Energy, Labor and Facilities: The remaining direct manufacturing cost components are energy, labor, and facilities. Various analyses of module energy input costs suggest that modules will pay back their energy output within one year of outdoor operation [41-42]. References 41 and 42 quantify the electrical energy in a thin film module as abou t 20 kWh/m2. At a price of $0.1/kWh, this is another $2/m2.

Adding all of the costs so far, yields $32/m2. Facilities costs are about $200,000/year for a 10 MW plant, or $0.02/Wp, which is $1.3/m2 (nearly negligible). Labor costs are the last item of significance. We estimate that an operationa l plant with reasonable automation would require about 10 operators/shift; 30 full time staff. These are technician an d operations-level positions. (Management and marketing, as well as other indirect costs, are included in overhead costs.) At direct costs of $50,000/yr, they would cost about $1,500,000/yr, or $0.15/Wp, or $10/m2. Adding together these estimates yields ($20/m2 for materials; $10/m2 for capital equipment; $2/m2 for energy; $1/m2 for facilities; and $10/m2 for labor) $43/m2. This number is both close to estimates of 'best future' manufacturing costs (about $40/m2) and also without the full value of the following optimizations: thinner semiconductors, improved materials use durin g deposition, higher-rate deposition processes, better yields, larger-sized or continuous substrates, reduced input energ y and substrate costs by either eliminating one sheet of glass or attaching PV production on the end of a glass line, an d complete automation of these rather straightforward in-line processing steps. All of these steps are obviou s technological improvements that are already underway in various forms, but their potential for improvement is far from being exhausted.

The $/Wp costs in Table 2 are simple restatements of these costs from a $/m2 basis ($/m2 divided by Wp/m2 yields $/Wp). Total system output is about 20% less than peak power rating due to operational de-rating (operating temperature, resistance and power-conditioning losses) [39,43]. Installed system costs are assumed to be about twice as high as module costs (assuming that increased volume production of systems will result in balance-of-system (BOS) cost reductions that parallel module cost reductions). BOS, or balance of system, costs are the costs associated with everything but the modules and overhead; i.e., land, support structures, module wiring, power conditioning and DC-to-AC inverter, installation, and transportation. Total system cost is the module cost, the BOS cost, plus overheads. Overheads occur at all levels, from overheads on manufacturing the modules and BOS components, to system desig n and installation overheads.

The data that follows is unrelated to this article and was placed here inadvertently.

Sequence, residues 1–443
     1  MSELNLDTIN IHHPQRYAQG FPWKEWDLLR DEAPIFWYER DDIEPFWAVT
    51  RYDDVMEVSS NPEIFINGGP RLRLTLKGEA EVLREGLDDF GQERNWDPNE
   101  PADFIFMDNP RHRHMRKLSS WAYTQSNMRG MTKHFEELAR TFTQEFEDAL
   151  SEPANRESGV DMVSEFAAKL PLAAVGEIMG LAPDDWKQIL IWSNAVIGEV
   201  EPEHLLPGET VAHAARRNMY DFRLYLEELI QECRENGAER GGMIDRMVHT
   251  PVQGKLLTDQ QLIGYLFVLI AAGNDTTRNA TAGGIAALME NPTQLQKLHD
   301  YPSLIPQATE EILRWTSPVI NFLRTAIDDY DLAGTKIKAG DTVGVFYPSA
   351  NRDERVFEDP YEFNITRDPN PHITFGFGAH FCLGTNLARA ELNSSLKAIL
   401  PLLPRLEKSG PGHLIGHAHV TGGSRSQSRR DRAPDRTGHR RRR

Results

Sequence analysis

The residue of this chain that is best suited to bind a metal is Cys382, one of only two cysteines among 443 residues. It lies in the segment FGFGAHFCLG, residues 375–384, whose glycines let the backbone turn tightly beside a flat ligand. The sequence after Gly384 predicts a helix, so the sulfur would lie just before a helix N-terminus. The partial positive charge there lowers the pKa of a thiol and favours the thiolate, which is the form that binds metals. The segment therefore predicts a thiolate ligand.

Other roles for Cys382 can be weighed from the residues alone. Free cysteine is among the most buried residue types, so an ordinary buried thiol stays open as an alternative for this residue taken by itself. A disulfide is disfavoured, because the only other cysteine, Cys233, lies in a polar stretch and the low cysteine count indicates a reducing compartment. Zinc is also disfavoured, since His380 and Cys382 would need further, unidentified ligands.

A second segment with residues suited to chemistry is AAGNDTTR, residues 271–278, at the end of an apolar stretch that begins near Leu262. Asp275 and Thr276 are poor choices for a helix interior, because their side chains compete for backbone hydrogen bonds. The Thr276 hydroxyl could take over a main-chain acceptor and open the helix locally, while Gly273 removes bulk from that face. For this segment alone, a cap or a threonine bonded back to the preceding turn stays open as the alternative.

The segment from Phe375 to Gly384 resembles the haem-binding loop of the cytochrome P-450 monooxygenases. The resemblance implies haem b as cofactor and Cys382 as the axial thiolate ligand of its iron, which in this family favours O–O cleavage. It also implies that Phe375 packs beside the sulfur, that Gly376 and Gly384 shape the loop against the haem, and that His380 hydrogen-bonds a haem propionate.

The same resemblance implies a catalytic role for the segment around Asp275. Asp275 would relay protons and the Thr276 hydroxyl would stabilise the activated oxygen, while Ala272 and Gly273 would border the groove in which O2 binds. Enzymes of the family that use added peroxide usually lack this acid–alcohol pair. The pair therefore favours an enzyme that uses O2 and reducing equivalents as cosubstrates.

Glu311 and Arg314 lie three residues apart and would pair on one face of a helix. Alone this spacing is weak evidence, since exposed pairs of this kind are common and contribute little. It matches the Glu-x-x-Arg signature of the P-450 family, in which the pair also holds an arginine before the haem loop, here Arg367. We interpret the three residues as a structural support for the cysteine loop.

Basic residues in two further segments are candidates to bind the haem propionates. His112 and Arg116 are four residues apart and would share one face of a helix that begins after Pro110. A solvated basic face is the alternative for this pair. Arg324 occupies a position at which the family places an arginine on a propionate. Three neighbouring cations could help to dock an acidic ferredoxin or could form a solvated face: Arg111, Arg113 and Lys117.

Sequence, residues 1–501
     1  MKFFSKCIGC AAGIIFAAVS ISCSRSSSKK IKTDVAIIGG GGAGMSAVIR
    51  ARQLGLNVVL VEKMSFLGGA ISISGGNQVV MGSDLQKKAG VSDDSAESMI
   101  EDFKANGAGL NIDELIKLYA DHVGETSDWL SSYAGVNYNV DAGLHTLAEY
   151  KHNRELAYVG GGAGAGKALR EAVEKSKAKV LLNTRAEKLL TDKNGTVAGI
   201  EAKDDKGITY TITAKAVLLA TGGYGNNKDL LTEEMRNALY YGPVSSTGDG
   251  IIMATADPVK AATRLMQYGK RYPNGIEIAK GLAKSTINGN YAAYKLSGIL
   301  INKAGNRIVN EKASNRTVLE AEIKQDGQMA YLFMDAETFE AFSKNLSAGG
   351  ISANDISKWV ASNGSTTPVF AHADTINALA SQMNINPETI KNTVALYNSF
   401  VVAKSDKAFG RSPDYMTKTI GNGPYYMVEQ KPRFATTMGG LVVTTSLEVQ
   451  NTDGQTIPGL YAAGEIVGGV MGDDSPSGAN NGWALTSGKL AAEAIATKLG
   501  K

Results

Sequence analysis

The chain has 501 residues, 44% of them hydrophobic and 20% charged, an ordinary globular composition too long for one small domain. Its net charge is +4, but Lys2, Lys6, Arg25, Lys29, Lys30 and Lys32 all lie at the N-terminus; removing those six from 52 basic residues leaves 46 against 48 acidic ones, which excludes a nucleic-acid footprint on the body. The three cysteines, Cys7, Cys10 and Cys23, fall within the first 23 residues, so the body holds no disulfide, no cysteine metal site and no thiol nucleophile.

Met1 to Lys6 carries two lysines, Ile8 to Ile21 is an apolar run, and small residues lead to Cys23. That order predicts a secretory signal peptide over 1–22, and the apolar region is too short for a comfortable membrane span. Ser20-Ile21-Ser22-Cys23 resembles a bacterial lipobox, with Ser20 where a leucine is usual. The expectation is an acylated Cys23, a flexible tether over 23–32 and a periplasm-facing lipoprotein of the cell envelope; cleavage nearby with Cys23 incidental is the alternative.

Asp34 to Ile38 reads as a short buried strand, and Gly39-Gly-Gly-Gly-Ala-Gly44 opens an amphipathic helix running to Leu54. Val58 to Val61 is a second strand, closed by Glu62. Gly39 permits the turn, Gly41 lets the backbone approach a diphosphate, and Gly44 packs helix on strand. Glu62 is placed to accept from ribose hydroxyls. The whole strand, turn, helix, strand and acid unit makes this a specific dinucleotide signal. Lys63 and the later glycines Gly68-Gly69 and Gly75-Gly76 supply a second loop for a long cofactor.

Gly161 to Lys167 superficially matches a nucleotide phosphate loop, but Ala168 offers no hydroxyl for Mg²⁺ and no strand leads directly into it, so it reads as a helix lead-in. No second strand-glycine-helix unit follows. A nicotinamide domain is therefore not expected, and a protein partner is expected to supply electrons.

The overhead and BOS costs are expected to decline because the cost of today's systems is the sum of rather lo w material costs, fairly high DC-AC inverter costs, and very substantial design, engineering, and installation costs fo r doing different, small sy stems one at a time. Improvements in inverters have already been observed in other renewables (e.g., wind) when inverter sizes are large. Inverter costs in-line with those needed for low-cost PV have been achieved in these cases. Similarly, the other aspects of systems costs (design, engineering, installation, overhead) are all likel y to fall substantially as volumes and repetition increase. Many PV industry representatives believe that the material s costs in real PV BOS will be compatible with very low ultimate costs like those quoted here.

Solar Stirling Engine Basics Explained

Solar Stirling Engine Basics Explained

The solar Stirling engine is progressively becoming a viable alternative to solar panels for its higher efficiency. Stirling engines might be the best way to harvest the power provided by the sun. This is an easy-to-understand explanation of how Stirling engines work, the different types, and why they are more efficient than steam engines.